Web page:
Have you ever sat in a meeting that felt like a complete waste of time? If you are like the majority of the American working class than the answer to that question is probably yes. These are the meetings where everyone strolls in late, no decisions are actually made, and no action plans are defined. These types of meetings can consume your workday leaving you with little time to get your actual work done. Here are 10 tips you can follow to make your meetings more productive.
1 – Review recurring meetings. A lot of the meetings tend to be recurring meetings such as a weekly touch base with your manager or the bi-weekly meeting on a long term project. While it is important to have these types of meetings, you should review the agenda each week to determine if there is anything that actually needs to be discussed. It may be more productive to cancel the meeting for one week and spend that saved hour at your desk working on a project.
2 – Set and share an agenda for each meeting. An agenda should be created and sent out at least 24 hours prior to a meeting. This way everyone is clear on the discussion points and can come prepared to discuss them. It will also keep the conversation on track by having the agenda as a guideline for the conversation.
3 – Start and end all meetings on time. How many meetings have you been in where people stroll in 5-10 minutes late after a meeting’s start time? After they say hi to everyone and settle in, they are brought up to speed on the current conversation. Recapping the discussion when people are late is one of the main reasons why so many meetings quickly become unproductive. Don’t recap meetings for late attendees. This is like rewarding someone for being late. Set a standard that your meetings are going to start and end on time.
4 – Cover the main points at the beginning of the meeting. Start with the most important topics first to make sure you have time to discuss them. You would hate to spend 20 minutes discussing something of low priority and then run out of time before you can get to the main point. You should also number the discussion points on the meeting’s agenda so you know which topics to cover first.
5 – Determine the right meeting length. Make sure that you schedule the right amount of time for each meeting. Don’t try to squeeze 60 minutes’ worth of discussion into a 30-minute time slot. On the other hand, you don’t want to schedule 60 minutes for a quick touch base. Remember that each attendees time is valuable. Take the time to review the agenda to make sure that you have the right amount of time scheduled to get through the discussion points.
6 – Make sure the right people are in the right meetings. There is nothing more frustrating than spending 30 minutes reviewing a topic, aligning on an action plan, but then not being able to put it into motion because the person with final say was not included in the meeting invite or was unable to attend. If a key player is not able to attend the meeting than post-pone it for another time when all attendees are available. Also, review the agenda and make sure that the topics relate to all of the people included in the meeting invite. If most people are only needed for 1-2 topics, be respectful of their time and only schedule them to attend the meeting when those specific points are being covered.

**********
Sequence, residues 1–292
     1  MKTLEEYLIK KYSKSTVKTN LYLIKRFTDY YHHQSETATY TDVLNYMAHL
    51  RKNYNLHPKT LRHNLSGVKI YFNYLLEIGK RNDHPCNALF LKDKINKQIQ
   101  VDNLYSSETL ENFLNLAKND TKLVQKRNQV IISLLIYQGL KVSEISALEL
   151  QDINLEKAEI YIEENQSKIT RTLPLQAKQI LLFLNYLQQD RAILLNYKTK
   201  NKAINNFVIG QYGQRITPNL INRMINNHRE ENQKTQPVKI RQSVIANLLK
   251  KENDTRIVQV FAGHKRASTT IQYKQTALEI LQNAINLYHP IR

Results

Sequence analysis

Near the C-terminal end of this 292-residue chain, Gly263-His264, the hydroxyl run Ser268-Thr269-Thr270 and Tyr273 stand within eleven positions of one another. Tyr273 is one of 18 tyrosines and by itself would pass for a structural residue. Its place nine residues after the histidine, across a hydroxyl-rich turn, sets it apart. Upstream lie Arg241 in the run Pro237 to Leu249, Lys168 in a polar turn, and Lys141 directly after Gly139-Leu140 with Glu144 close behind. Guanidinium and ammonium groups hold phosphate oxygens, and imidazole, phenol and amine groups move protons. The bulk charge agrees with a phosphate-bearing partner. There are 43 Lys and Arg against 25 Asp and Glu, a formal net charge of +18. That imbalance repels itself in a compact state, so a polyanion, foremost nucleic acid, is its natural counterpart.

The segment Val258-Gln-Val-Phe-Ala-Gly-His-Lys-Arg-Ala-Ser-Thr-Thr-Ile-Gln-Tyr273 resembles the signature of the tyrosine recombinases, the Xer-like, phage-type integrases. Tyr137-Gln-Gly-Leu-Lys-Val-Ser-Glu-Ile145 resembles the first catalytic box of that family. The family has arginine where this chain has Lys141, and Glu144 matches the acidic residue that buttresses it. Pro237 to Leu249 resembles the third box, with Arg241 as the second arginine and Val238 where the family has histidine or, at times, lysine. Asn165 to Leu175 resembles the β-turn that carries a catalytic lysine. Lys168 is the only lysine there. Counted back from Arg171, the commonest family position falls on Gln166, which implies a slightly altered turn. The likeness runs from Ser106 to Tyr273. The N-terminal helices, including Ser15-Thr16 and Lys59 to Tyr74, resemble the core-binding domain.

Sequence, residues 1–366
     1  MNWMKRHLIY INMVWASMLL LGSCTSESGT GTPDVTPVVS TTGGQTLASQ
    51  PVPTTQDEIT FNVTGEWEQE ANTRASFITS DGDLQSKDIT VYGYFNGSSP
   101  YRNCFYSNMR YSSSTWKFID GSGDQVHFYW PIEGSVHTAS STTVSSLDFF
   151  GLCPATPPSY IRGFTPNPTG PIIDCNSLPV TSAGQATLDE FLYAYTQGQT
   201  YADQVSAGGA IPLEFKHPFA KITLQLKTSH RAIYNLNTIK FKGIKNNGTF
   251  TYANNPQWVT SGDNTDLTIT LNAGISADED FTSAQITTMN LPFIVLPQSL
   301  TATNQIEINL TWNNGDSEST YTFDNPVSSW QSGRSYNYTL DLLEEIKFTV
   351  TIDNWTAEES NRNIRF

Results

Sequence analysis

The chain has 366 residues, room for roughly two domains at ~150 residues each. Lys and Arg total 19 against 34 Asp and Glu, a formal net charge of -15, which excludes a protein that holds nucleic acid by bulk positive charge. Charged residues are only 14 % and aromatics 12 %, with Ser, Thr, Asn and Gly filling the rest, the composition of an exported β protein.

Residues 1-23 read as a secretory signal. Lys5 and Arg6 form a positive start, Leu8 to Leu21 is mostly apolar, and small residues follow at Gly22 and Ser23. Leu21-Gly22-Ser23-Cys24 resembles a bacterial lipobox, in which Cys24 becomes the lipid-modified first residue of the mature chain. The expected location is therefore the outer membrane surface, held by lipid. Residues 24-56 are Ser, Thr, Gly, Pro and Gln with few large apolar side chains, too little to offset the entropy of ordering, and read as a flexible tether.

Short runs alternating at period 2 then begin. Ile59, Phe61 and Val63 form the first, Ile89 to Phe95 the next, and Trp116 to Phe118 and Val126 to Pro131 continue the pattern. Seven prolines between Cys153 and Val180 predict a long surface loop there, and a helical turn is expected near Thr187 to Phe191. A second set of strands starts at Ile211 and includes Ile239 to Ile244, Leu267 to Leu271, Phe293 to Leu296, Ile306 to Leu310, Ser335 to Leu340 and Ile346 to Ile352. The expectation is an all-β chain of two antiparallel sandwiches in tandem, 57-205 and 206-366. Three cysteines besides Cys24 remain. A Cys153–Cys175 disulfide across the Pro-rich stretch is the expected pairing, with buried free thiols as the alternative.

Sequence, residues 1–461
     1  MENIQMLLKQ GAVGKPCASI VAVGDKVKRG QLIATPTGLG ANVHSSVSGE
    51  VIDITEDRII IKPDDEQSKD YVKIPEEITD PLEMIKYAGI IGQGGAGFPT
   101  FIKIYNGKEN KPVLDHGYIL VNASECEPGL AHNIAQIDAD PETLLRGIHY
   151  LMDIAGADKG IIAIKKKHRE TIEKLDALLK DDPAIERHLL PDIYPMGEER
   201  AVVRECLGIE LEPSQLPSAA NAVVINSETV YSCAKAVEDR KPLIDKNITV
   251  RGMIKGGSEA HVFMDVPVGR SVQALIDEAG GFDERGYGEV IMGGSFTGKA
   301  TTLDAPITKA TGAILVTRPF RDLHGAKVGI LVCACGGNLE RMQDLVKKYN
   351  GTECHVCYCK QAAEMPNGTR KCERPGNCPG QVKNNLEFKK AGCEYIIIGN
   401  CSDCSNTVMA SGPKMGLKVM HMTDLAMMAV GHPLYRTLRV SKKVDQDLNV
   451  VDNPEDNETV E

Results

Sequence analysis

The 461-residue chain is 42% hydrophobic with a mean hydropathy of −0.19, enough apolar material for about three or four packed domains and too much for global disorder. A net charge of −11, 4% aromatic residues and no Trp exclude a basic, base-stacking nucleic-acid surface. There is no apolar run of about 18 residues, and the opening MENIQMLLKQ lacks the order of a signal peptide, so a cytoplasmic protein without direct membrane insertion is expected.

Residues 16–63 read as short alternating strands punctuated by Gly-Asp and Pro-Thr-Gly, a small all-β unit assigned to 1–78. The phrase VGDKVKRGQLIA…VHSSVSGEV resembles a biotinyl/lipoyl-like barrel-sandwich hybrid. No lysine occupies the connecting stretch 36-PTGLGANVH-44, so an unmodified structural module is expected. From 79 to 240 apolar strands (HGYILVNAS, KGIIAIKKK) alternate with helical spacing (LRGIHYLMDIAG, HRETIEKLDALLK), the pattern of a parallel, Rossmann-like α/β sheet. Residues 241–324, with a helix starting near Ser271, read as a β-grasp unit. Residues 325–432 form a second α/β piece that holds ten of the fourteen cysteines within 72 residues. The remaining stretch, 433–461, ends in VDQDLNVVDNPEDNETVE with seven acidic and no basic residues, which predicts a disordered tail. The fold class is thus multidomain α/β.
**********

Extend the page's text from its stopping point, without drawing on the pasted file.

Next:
7 – Determine if the meeting should be a “stand-up meeting” or a traditional “sit-down meeting”. Stand-up meetings are great for a quick share out of information. People are generally uncomfortable standing for long periods of time so keep these meetings short and to the point. People tend to be more focused on the meeting and there is less side conversation when forced to stand up. Utilize sit-down meetings for topics that require more discussion or there are multiple items on the agenda.
8 – Ask people to close their laptops and put down their phones in meetings if possible. Have you ever attended meetings where everyone is busy answering emails on their laptops or scrolling through their phone? If the meeting attendees are focused on their laptop or phone than they are not focused on the meeting itself. Meetings tend to take longer and are less productive when the attendees are splitting their focus on the meeting and their devices. At the beginning of the meeting, kindly ask everyone to close their computers, put down their phones, and focus on the meeting. You will be surprised by how much more productive meetings will become.
9 – Decide on next steps. Have you ever felt unsure of the action items coming out of a meeting? The meeting may have been full of great conversation but at the end the action items were not clearly defined for the team and everyone is left feeling a little confused. At the end of every meeting make a list of all the action items needed and determine an “owner” for each one. The owner will be responsible for following up or putting that action into place. This step unifies the team and makes someone accountable for the actions.
10 – Send out a recap on discussion points and action plans. After each meeting concludes, the meeting owner should send out a recap of the meeting discussion points, decisions, action items and owners. Email the recap out to everyone on the meeting invite. This becomes a great point of reference for future conversations and may help to answer questions that may come up in the future.
By following the above 10 steps, your meetings should become more focused, impactful, and productive.